The House of Representatives has given its approval to a budget deal that was hammered out with the governor earlier this week, but it is unknown when the Senate will take up the matter as Republican leaders are still one vote shy of being able to pass it.
The budget package includes a provision to allow voters to weigh in on a temporary increase in the sales tax in a special election this fall. That component was absent in a budget lawmakers approved July 1, which led to the bulk of it being vetoed by Gov. Jan Brewer, who has been pushing for the ballot referral since March.
For many Republicans, the decision to support even the ballot referral did not come easy.
“Folks, sometimes being down here is pure hell. And that’s what it is right now: pure hell,” said Rep. Ray Barnes, a Phoenix Republican who supported the budget package. He was among several lawmakers who said they would send the matter to the ballot, but actively oppose it this fall.
Glendale Republican Debbie Lesko said her vote to send the tax increase to the voters was not a reflection of her beliefs, but of the realities of the situation. Brewer has demonstrated she will not accept a budget that does not include a tax increase, there isn’t enough support for deeper spending cuts and inaction will lead to a government shutdown.
“It’s either take this deal, settle on a worse deal or run out of money and leave schools and everyone else in the lurch, and I just can’t do that,” she said.
Republican leaders were able to win support for the sales tax measure by coupling it with other provisions that were palatable to the fiscal conservatives, such as income tax cuts for businesses and individuals and a cap on state spending.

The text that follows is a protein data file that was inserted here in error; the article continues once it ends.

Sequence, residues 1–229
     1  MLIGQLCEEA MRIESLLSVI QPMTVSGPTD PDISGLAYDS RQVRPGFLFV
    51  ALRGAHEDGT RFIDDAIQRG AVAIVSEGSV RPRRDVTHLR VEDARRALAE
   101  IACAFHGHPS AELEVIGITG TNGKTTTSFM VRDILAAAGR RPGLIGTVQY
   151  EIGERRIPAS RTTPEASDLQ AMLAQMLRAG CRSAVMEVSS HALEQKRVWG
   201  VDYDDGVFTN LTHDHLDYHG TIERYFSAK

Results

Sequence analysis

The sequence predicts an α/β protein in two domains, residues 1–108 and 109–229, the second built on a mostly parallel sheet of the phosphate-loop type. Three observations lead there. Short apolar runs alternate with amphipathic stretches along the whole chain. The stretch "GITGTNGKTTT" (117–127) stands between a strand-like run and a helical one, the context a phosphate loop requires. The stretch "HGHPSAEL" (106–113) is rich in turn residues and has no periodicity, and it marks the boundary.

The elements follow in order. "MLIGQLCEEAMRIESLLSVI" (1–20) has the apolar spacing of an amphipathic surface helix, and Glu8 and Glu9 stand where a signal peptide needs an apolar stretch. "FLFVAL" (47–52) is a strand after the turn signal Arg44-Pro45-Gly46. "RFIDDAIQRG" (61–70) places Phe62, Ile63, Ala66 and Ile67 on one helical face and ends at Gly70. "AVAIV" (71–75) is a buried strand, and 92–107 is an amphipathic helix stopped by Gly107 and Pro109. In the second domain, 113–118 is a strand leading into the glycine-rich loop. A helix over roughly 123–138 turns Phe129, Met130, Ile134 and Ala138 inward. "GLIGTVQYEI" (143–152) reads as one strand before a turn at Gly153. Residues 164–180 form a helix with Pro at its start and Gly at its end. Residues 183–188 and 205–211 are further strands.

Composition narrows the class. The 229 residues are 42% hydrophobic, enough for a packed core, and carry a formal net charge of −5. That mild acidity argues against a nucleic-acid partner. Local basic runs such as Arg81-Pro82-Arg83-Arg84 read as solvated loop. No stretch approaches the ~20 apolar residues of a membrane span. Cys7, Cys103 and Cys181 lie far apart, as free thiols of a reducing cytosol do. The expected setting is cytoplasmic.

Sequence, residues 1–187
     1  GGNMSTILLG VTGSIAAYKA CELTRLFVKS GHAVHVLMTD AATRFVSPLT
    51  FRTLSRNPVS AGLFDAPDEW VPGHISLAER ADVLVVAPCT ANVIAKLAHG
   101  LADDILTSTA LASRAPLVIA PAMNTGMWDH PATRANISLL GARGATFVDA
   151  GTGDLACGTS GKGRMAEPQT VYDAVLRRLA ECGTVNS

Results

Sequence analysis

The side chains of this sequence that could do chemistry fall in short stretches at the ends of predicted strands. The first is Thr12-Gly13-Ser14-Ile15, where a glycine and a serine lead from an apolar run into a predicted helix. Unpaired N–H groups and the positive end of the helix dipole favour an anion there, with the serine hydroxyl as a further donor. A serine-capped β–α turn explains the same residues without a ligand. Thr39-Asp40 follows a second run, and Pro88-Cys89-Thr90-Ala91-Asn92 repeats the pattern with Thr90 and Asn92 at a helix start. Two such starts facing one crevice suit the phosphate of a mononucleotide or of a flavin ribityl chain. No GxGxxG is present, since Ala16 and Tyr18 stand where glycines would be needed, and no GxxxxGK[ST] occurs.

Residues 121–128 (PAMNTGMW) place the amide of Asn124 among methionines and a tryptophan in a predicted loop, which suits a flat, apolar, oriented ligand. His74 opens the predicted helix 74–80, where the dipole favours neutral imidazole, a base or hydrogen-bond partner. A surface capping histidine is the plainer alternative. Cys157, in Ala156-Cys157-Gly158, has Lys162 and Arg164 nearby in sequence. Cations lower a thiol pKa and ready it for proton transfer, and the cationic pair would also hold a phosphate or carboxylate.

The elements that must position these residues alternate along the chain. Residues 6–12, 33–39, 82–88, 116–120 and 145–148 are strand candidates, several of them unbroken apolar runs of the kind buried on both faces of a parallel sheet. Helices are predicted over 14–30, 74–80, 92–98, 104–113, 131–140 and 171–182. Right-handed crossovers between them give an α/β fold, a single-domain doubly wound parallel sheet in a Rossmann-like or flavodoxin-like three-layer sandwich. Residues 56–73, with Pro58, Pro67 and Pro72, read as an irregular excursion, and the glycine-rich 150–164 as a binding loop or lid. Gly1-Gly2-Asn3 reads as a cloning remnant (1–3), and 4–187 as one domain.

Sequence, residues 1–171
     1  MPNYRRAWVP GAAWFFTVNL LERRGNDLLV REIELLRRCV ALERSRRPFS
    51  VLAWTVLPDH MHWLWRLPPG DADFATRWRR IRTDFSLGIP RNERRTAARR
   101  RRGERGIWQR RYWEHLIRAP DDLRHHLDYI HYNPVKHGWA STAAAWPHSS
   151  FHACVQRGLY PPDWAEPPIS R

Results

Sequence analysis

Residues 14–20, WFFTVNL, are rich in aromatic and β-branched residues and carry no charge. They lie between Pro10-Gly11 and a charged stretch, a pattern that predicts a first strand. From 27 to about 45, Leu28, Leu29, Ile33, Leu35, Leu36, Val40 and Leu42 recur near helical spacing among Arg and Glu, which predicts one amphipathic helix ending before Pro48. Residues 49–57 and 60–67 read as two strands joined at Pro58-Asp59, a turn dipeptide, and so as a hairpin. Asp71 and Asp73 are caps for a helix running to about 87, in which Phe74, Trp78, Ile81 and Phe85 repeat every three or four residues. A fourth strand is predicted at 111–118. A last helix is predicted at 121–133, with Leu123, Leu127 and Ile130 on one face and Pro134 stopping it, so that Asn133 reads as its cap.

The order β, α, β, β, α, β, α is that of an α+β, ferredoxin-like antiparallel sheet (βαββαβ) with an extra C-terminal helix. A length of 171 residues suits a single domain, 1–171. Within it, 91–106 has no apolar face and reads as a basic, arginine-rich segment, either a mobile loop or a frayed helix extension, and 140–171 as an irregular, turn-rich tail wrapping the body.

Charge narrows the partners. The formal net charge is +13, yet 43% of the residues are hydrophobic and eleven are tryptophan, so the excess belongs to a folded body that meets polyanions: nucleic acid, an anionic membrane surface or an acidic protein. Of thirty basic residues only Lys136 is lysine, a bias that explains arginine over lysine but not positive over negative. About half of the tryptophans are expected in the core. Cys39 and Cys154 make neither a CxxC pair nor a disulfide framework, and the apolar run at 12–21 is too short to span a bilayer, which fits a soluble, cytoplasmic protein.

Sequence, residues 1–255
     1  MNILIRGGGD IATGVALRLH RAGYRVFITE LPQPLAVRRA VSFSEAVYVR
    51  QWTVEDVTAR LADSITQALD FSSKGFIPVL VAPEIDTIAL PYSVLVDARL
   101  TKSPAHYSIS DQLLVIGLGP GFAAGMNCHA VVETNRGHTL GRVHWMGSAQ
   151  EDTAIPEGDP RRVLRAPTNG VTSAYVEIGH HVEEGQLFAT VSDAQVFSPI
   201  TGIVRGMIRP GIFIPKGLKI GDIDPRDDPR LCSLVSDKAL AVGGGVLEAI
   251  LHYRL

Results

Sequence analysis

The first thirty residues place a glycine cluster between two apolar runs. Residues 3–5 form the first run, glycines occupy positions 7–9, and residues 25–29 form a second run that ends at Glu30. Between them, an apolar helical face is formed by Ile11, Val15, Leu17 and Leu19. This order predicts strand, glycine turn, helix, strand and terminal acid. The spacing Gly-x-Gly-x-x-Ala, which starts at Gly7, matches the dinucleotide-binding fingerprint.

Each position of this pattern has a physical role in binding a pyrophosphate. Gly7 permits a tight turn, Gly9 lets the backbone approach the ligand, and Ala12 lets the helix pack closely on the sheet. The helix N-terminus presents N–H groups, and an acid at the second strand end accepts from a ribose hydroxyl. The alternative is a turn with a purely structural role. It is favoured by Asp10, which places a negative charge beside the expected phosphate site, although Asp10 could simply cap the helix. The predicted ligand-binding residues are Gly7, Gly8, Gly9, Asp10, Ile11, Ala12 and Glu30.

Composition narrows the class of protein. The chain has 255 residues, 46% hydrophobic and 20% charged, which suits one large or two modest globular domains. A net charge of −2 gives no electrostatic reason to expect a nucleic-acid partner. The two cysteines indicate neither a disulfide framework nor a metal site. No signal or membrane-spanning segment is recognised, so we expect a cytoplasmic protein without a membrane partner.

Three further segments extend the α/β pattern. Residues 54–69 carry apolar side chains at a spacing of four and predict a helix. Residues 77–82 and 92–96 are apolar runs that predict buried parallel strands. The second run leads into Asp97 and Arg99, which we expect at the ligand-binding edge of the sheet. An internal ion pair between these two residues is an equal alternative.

Not all Republicans were persuaded, however. Rep. Sam Crump said the tax cuts weren’t guaranteed and could be reversed by a simple majority vote any time before they take effect in 2012.
“Maybe we’ll end up with a sales tax hike and no tax cuts,” he said.
The sales tax increase will not be the only question posed to voters this fall if the Senate follows the House’s lead. Another component of the budget plan would ask voters to temporarily suspend a constitutional provision that prevents the Legislature from changing voter-approved programs and spending.
But it makes no sense to amend the constitution for only three years, said Rep. Andy Biggs, a Gilbert Republican.
“How absurd is that? We might as well be more like the French and adopt new constitutions willy nilly,” he said.
The bulk of the plan is similar to the budget that was vetoed earlier this month.
The budget was approved mostly along party lines, with Democrats voting against all 10 bills. Minority Leader David Lujan called the proposal “a recipe for economic disaster,” in part because of tax cuts that will lead to even less revenue during a time when the state has seen its tax collections plummet.
“I am ashamed that this is the best that we could come up with after seven months,” he said.
Assistant Minority Leader Kyrsten Sinema said the net effect of the sales tax increase – if it were to be approved by voters – and the tax cuts is a $75 million revenue increase over four years.
“If the governor thinks that’s enough money to protect funding for education, health care and the frail, I suggest she buy a new calculator, because that’s not much more than a nickel over the course of four budgets,” she said.
Another provision of the budget requires all state agencies to reduce the number of full time employees by five percent. That seems counterproductive, said Tucson Democrat Steve Farley, given the Republican arguments that tax cuts are needed to spur job creation.
“You have to actually fire people. You can’t somehow make it hurt less… I am stunned by the callousness of this,” he said.
The Senate, meanwhile, was unable to round up the 16 votes needed to approve the budget. Republican leaders had reportedly secured 15 votes.
Brewer met with Sen. Pamela Gorman, one of the Republican holdouts, for about 90 minutes in the early morning hours of July 31. The governor said the pair discussed governance philosophies and the state’s dire financial straits.
“I felt that she listened and I hope that she will (vote for it),” the governor said after the meeting. “We will get it done. We will get it done.”
The Senate forwarded the bills out of COW, and has decided to meet again today (July 31). The House is not scheduled to meet again until Aug. 4.